Is It Waste or Want?


How much time do you think you waste in a day?

I was reading an article about how much time we spend on the internet, tv, radio, streaming, email, using apps, and social media. In the US, we average an astounding 10 hours and 39 minutes a day doing all these activities.

Some people can listen to radio while they work so I don’t see this as a valid addition, but the other stuff? Yeah. I can see that. According to the study, we’re divided by age. The over-50 age bracket watches more tv than Millennials. And it comes as no surprise that younger people surf the net and use more apps than older people.

Copyright: <a href=''>samotrebizan / 123RF Stock Photo</a>

It can be argued that you’re not really wasting time if that’s how you decompress, but I think that’s kind of a cheat. The brain doesn’t rest if it’s constantly being stimulated. That’s why medical professionals tell you to turn off the tv and computer a couple of hours before bedtime.

On average we watch 2-3 hours of tv or streamed movies a night. Greg might watch a little more because I tend to get antsy when I know I have something to do.

I spend another two hours on the net in the morning usually reading and responding to emails, with intermittent breaks throughout the day poking into social media and blog reading. For the sake of argument, I’ll be generous and say I spend an additional two hours on the net for a total of four hours a day.

That means I spend 6-7 hours a day on the net or watching media. Some of that time is either work related or necessary viewing to stay abreast of current events, but the rest of it is entirely for folly.

Sometimes when I hear people say they have no time, I wonder if they take their “down time” into consideration. Do we really have no time to exercise, eat right, or play with the kids, or are we hiding behind Facebook and online games?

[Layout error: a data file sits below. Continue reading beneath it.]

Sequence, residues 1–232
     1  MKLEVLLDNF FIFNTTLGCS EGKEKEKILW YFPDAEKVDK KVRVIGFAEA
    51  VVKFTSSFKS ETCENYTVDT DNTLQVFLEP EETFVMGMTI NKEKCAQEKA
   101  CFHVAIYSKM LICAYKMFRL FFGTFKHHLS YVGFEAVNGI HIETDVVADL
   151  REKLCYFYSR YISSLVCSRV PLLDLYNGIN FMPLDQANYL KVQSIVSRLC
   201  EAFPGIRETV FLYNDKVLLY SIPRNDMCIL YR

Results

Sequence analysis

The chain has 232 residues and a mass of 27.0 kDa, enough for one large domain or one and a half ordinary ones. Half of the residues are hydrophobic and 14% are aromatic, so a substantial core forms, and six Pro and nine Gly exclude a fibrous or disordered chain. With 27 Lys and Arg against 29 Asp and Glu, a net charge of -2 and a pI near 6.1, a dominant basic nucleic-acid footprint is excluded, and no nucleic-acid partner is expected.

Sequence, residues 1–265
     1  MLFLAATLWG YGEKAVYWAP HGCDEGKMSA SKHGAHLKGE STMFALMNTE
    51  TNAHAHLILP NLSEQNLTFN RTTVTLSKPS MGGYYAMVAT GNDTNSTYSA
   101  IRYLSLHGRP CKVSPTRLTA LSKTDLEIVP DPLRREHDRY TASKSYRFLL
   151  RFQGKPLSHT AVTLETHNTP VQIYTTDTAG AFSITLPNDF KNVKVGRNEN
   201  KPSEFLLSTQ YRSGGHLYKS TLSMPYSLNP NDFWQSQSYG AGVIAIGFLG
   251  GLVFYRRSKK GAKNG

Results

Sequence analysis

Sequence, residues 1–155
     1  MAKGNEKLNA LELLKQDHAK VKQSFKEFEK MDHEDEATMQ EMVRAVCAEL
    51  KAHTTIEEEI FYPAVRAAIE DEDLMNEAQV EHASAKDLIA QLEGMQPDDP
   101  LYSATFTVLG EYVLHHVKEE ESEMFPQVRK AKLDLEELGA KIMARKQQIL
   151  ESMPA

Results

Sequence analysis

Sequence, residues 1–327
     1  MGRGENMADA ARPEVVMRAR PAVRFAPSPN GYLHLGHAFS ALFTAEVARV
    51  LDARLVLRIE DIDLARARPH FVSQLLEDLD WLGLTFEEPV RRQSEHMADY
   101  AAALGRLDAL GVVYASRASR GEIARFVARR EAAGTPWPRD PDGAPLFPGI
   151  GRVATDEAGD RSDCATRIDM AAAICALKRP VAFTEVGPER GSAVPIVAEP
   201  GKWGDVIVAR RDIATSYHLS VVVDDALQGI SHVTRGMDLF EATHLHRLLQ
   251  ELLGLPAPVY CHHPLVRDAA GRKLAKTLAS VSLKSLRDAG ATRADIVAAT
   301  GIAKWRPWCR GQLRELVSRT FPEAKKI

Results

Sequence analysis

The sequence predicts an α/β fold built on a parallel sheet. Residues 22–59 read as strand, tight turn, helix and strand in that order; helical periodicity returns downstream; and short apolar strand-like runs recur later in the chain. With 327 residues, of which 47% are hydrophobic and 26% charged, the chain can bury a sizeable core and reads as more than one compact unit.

For years I refused to get the internet at home and at work. I know I speak blasphemy, but it’s true. I knew even back then it was a rabbit hole.

I prefer to be physically active only because I’m the fidgety type. The only time I actually enjoy sitting down and doing nothing is after I’ve worked my keester off. If I’m too tired to lift my arms, all I want to do is watch an old movie, something I’ve already seen so my brain doesn’t have to engage.

I’m old enough to remember pre-internet days. For some reason I don’t remember anyone back then saying they had no time. I’ve actually given this some serious thought. We were busy, but when the work was done we spent time with family or actual flesh and blood friends.

We read more. We savored every page of a newspaper. Meals were always sit-down and slower. And we took more Sunday drives to nowhere in particular. I miss the drives. We used to pick a new destination every week and discover our “back yard”. Going to the movies was date night. Eating out wasn’t just grabbing a bite. We actually had real conversations over dinner.

So what do you think? Do you know how much time you spend a day on media, social media, and the internet? If you’re old enough to remember pre-internet days, what did you do back in the day in your spare time?